The Best Literary Writing About Mothers and Motherhood

New Girl by Andrea Potos

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new girlReview by Mindy Kronenberg

– The subject of motherhood can be tricky territory for women, in the literary as well as visual arts, where practitioners want their subject matter to transcend the personal realm and “precious” expectations that are sometimes aroused by cultural assumption. Over time we’ve seen this remarkable bond portrayed eloquently and skillfully in the paintings of Mary Cassatt, capturing the intimacy but also painterly brilliance of any great Impressionist, and in the poems of Sharon Olds and Fran Castan, whose work encompasses a complex dynamic of the self emerging and retreating in the lives of one’s children, and how we remain tangled emotionally as observers, victors, victims, and when lucky, protectors. Anne Sexton, in “Pain for a Daughter,” celebrates the rites of passage her young charge experiences, but when it comes time, in a moment of panic, physical pain, and grief, to call upon the ultimate force to save her, Sexton the mother-as-poet is astonished to learn that her daughter ‘s cry is for something beyond the human and familiar. It is a startling realization of one’s child’s realization of mortality, and the poem’s structure and carefully wrought phrasing bring a stinging sense of helplessness to the reader.
Just as these skillful artisans use images and events to incite the joys and cautionary tales of motherhood while summoning echoes of their own journeys and rites of passage, Andrea Potos presents a series of passionate juxtapositions that take us from the joy (and fears) of birth through a series of discoveries, departures, and emergence. In “When My Daughter Reads Aloud,” the transformation of child through language—and tumbling toward her place in the widening and wild world—opens a portal that will never shut:

I remember how she once
stumbled over cat,
go, the twisting
pathways
of fox in socks.

How did she
arrive here, this morning
before the second grade bell,
announcing clover, chlorophyll, flying
with the Magic School bus
into the heart of the chloroplast—
she is there
when the green world awakes.

The nostalgic detour Potos gives us, with moments of her own girlhood of becoming, retreating, and rallying, includes both the endearing and exasperating scenarios. In “First Fame:” she is performing on “the oil-spotted garage stage” and confesses “…I tap-danced/in my sequined leotards/and black patent leathers–//first mirrors—dark sheen/of that terrible wanting.” “The New Girl,” summons a menacing nemesis from English class whose bullying forces the poet to eat her lunch, perilously:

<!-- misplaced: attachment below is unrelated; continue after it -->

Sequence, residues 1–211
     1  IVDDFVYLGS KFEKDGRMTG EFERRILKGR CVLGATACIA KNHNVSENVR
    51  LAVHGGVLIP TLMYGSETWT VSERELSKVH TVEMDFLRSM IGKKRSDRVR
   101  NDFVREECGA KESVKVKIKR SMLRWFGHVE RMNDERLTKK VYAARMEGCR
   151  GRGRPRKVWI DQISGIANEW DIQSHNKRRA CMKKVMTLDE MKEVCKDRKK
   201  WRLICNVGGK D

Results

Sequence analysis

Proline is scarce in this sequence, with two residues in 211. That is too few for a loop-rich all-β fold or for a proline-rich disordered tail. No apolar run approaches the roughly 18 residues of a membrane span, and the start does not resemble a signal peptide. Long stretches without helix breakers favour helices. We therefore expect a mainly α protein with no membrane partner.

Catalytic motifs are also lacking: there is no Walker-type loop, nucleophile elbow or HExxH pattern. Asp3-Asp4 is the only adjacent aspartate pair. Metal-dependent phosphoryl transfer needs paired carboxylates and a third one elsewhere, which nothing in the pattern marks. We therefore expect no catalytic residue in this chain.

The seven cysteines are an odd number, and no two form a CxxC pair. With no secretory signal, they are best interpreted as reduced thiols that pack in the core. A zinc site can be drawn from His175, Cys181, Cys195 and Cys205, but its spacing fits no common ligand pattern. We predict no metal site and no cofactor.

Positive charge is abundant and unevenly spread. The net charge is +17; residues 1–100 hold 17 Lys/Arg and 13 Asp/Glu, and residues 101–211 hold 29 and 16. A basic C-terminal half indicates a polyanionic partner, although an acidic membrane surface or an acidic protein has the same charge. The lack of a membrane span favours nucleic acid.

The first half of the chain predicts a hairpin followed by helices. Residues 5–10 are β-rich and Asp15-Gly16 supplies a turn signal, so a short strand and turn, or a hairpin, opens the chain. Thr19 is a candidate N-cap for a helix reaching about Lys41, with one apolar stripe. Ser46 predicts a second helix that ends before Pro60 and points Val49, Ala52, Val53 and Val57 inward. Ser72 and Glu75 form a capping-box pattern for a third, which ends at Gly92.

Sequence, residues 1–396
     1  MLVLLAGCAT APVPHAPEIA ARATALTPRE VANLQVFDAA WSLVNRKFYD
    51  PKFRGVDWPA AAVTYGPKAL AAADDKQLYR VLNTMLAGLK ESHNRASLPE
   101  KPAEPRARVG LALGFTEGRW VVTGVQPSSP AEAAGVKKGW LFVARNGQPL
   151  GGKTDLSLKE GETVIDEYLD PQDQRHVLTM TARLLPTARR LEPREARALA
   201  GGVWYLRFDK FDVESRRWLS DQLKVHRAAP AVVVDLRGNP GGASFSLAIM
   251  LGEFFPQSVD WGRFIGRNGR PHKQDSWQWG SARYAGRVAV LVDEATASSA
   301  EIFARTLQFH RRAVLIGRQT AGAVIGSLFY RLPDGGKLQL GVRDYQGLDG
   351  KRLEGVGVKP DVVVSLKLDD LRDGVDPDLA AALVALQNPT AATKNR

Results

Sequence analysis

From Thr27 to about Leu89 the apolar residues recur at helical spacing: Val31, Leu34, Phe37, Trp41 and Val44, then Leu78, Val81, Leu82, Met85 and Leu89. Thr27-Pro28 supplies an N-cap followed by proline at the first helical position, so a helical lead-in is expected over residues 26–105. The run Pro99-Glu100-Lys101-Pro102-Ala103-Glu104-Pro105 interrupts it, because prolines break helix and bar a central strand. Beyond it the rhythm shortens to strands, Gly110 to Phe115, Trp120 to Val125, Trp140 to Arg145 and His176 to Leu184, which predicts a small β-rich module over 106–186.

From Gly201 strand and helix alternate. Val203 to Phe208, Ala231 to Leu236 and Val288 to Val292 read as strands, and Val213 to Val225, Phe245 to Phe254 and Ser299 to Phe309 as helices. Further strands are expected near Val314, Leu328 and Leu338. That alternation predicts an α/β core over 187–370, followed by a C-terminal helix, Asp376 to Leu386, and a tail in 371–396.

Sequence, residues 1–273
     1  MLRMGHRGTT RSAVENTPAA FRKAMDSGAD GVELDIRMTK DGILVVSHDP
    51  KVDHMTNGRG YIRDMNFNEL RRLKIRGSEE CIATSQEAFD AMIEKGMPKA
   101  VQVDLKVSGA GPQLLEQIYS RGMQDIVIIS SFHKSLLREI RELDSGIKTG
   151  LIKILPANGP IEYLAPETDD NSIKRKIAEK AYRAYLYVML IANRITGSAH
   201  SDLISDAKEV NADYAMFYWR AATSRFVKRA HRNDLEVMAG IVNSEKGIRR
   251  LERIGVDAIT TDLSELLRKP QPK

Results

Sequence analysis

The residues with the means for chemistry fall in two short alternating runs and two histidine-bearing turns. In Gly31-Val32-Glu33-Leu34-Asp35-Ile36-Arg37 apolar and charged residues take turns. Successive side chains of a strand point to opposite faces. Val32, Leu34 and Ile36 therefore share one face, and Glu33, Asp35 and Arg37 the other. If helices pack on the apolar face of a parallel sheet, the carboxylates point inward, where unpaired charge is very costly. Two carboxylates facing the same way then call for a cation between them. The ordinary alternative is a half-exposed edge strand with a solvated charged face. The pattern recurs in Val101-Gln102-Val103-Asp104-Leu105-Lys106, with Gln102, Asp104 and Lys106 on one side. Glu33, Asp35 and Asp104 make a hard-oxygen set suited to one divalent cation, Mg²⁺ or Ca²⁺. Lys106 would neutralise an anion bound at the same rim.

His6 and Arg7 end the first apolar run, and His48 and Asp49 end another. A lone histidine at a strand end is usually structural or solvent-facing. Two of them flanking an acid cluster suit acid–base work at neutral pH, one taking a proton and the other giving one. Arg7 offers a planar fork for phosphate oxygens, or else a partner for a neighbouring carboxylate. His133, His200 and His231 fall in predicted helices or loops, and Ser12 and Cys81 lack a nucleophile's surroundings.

I’d seek the back stairwell
eat my cheese sandwich, my bag of chips
in a bathroom stall that barely contained me,
gag of Marlboro smoke in my throat
as the girls traded secrets aloud, the air,
clogged with their confidence.
I tried hard to be still, to silence
The wrapper’s deady crinkle
That would give it all away.

The sensuously unnerving rite of “First Kiss” plays innocent assumption (“…figuring a kiss was a simple/ matching of sorts, like one sock laid atop another/in a scented drawer,…”) against the invasive romantic gestures of the future (“… not this tongue—slick and more certain/ than I’d ever been of anything, darting its way through my mouth like a serpent…”). In the spirit of literary cynicism, “The Bra” (which begins: “To the prize-winning poet who says/she’s tired of poetry where women wax sentimental/ about birthing, mothering,/ worn subjects like menopause and menarche”) is humorous as it is celebratory, commemorating the purchase of the lingerie that would debut for the poet’s best friend with the theatrical drama and pride, “in between sheets drying on the line,” of unveiling a new uniform for maturity, “two cups to hold/my double A treasure.”
Whether revisiting the passages of her own childhood or observing the growth and self-declaration of her daughter, Andrea Potos’s poems glitter and reverberate with the wonder and rewards of motherhood in New Girl.

New Girl
A poetry chapbook by Andrea Potos
Anchor & Plume 2014; 20 pages

 


Mindy Kronenberg is an award winning poet and writer with over 400 publication credits world-wide. She teaches writing, literature, and arts subjects at SUNY Empire State College, edits Book/Mark Quarterly Review, is a staff reviewer at Weave Magazine, and is the author of Dismantling the Playground (Birnham Wood) and Images of America: Miller Place (Arcadia).

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